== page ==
Conferences create opportunities. They offer a chance to meet publishers, editors, illustrators, formatters, and many other writers.

At conferences, our writing youth can learn what publishers want and how other writers overcome their problem areas. They learn that support is a huge, important part of the writing industry, which is largely a solo career.

By meeting publishers and others while they are young, they will feel more comfortable approaching them in the future. This is very important.

This is a rapidly changing industry. Getting the younger generation involved is a wonderful way to encourage future success. If they are brought up seeing what conferences have to offer, they will be more likely to continue such educational experiences as they grow older and more independent. They will be less intimidated by the process and more willing to be involved.

I was so pleased to see a twelve-year-old win an award at the White Country Creative Writers Conference, recently. For such a young one to do so well, he is going to be a great challenge at a very young age. I hope to see him win many more awards in the future.

NaNoWriMo is right around the corner. It is a great challenge for adults and youth. It is the opportunity to write a novel in a month. Learn to write without editing, then go back and edit after it’s finished. What if you don’t want to write a novel? Then write a bunch of short stories you can enter into contests. Or, write a whole lot of children’s books. Maybe you can write down all the stories you’ve heard from your loved ones as you great up. Just write.

Tonight, I met a fourteen-year-old writer at a monthly writers’ meeting. I look forward to watching her grow as a new writer, too.

It’s all so exciting!

Autumn Events

It’s almost here! Autumn is days away and we are looking forward to a serious reprieve from this summer’s heat wave. I’m sure it will return in another eight or nine months, if we just hang in there.

A lot of things have been in the works, lately. Wonderful changes are taking place. We have managed to get one of our most important domain names back after years of watching it be trashed by someone who was trying to get us to pay a large sum of money to get it back. We decided to wait it out. We are glad to have it back and will hopefully have it up and running around the end of the year, although it’s going to be a little longer before we start making pool cues, again. We have felt like life was pressing us down for a long time and this seemingly small change has given us a huge emotional boost.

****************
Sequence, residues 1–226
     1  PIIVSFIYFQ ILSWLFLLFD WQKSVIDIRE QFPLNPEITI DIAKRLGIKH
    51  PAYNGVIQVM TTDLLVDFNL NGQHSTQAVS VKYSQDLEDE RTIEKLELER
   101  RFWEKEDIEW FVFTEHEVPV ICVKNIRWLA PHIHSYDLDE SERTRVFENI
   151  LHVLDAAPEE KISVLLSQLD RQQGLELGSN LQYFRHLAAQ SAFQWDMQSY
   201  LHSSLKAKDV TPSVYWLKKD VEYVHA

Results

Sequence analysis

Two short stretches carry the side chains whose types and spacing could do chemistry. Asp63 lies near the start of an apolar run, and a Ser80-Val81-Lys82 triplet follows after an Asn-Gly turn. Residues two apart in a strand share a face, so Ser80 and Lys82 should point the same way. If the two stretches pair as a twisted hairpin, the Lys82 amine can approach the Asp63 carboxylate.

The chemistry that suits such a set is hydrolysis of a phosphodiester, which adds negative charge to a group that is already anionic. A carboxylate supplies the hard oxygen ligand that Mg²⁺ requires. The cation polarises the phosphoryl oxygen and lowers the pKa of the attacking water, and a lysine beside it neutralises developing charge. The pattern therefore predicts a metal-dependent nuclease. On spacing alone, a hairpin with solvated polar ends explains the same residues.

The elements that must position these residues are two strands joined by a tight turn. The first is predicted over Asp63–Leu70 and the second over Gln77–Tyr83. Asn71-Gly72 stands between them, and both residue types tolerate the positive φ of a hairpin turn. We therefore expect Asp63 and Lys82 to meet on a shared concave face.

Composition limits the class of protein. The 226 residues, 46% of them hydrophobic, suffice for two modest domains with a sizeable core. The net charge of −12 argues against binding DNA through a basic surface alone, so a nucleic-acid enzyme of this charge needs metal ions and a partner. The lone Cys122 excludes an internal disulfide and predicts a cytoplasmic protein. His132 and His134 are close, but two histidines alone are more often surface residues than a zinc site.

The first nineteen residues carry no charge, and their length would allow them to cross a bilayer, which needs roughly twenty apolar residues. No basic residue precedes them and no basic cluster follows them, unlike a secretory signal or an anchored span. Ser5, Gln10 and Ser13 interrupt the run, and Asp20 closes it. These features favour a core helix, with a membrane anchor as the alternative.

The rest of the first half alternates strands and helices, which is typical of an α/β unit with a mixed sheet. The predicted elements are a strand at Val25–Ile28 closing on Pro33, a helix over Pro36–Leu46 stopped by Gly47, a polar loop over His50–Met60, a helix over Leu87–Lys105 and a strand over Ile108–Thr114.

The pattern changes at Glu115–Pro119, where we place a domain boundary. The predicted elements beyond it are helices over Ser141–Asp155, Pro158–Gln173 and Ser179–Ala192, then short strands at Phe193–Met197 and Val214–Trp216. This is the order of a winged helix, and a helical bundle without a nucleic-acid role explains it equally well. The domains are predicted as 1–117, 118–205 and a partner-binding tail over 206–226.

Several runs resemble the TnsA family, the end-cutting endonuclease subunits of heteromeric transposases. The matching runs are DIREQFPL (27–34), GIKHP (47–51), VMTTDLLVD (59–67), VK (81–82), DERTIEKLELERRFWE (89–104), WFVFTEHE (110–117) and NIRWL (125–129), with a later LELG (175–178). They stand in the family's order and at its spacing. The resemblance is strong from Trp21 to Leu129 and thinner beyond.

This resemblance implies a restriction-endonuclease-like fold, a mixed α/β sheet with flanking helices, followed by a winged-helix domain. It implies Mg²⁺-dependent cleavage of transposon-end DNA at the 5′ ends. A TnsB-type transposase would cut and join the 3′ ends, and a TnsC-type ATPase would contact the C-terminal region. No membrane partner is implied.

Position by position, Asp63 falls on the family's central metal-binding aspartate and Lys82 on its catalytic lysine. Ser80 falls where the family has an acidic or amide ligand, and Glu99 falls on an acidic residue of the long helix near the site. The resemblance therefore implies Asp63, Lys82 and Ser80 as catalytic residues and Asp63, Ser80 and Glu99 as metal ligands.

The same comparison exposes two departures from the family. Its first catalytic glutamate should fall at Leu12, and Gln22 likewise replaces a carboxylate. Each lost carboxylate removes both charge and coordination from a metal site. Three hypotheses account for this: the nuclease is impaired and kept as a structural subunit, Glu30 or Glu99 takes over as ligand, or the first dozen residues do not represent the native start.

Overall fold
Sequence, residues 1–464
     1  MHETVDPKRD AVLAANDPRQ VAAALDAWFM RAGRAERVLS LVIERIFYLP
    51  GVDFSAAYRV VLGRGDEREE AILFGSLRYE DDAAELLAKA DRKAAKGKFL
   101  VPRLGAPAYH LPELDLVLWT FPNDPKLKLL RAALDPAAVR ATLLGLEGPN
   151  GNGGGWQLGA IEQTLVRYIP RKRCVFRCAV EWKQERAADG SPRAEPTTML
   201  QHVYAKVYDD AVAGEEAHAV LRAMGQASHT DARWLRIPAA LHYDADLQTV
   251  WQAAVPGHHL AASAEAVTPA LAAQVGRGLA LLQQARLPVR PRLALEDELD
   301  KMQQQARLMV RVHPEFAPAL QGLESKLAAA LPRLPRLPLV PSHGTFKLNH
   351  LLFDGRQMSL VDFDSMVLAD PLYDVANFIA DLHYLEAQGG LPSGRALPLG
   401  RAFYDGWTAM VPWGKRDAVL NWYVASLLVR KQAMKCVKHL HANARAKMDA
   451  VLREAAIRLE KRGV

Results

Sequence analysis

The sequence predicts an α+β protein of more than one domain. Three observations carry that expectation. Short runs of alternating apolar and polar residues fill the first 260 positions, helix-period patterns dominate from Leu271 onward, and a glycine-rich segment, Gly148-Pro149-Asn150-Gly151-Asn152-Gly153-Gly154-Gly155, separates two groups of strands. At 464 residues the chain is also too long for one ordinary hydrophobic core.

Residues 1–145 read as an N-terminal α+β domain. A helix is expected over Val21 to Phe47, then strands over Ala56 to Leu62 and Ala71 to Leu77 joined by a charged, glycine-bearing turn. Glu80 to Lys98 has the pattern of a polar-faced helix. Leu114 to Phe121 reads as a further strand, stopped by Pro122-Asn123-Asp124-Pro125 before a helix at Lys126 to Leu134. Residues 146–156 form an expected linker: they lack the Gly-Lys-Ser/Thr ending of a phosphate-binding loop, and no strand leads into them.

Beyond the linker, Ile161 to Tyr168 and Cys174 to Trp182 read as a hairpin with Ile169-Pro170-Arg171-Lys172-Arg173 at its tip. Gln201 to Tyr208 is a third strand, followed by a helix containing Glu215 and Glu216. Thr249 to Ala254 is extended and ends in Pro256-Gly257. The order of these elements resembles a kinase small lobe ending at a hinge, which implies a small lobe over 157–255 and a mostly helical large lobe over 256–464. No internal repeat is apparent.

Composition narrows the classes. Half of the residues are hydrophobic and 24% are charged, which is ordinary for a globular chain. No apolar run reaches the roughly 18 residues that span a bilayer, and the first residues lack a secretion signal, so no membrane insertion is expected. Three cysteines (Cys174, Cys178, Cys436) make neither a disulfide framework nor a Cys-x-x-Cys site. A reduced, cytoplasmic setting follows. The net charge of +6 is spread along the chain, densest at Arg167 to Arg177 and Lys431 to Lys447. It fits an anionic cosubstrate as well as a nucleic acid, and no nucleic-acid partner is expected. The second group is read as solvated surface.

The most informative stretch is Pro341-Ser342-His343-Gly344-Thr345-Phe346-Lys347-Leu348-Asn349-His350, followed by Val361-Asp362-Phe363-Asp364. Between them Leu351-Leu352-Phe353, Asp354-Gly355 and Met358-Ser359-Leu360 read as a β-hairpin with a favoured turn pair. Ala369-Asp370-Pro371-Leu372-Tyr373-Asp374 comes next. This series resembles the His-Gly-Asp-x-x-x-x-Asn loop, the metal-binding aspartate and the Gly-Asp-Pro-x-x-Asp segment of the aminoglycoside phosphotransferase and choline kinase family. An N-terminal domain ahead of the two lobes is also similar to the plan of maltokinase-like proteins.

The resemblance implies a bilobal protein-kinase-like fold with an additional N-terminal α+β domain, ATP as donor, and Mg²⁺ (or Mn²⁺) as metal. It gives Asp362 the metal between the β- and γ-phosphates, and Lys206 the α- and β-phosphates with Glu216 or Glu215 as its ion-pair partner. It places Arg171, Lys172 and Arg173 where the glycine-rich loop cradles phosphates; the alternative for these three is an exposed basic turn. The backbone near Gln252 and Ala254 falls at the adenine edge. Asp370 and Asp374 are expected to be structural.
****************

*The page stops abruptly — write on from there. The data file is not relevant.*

I have two new books coming soon. They are part of the Diary series. It is hard to contain my excitement.

I’ve also been working hard on some old and some new short stories for conference contests. I have some new stories that have surprised even me.

My computer finally decided it was tired of the flack Windows 10 was giving it. When it finally refused to start Windows, I took it to the shop. I was so scared I’d lose all my stories and other stuff I’ve collected in here for the past five years. Yes, I back everything up, but it had been a good month since the last big save. When it choked, I was in the middle of writing one of my best stories, yet. There was only one serious problem. I had to send that story with the next day’s postmark (contest deadline), so I was a bit frantic. The guys were awesome. They saved practically everything on my computer AND got that story file to me, so I could finish writing it and get it submitted on time, too. After all that, I sure hope it wins something!

Anyway, here’s a SHOUT OUT to the guys down at Same Day Computer Repair of Tulsa. Thanks so very much for saving the day and not breaking the bank! You guys are my heroes!

I’m excited about this Saturday, September 1st. A few years ago, Gene and I took a trip to Searcy, Arkansas for the White County Writers Conference. We had a wonderful time and wished we could go back. Well, this year, I’m not just getting to go back, but I’m also one of the speakers scheduled for the event. There will be three of us: Best selling author Robin Caroll, who will share some insight on writing suspense and mystery; President & Creative Director of Oghma Creative Media, Casey W. Cowan, will help authors have a better idea what publishers want; and I will be giving away secrets on writing dialogue and emotions, first thing in the morning. So, be there early, if you want to know what I know!

In October, we’ll be at the Ozark Creative Writers Conference, again. We always look forward to seeing our friends out there. I won’t be representing 4RV Publishing, this year (since I resigned in January), but I’ve been told they are planning to be on Publisher’s Row, again. I will be glad to meet up with my fellow authors from Oghma Creative Media.

Another school year is upon us and I will soon be having lunch with my grandchildren and reading for their classes, again. I am looking forward to it.

I will be back with another update as soon as I can. Things are moving along and life is good.

May your lives be as blessed as mine.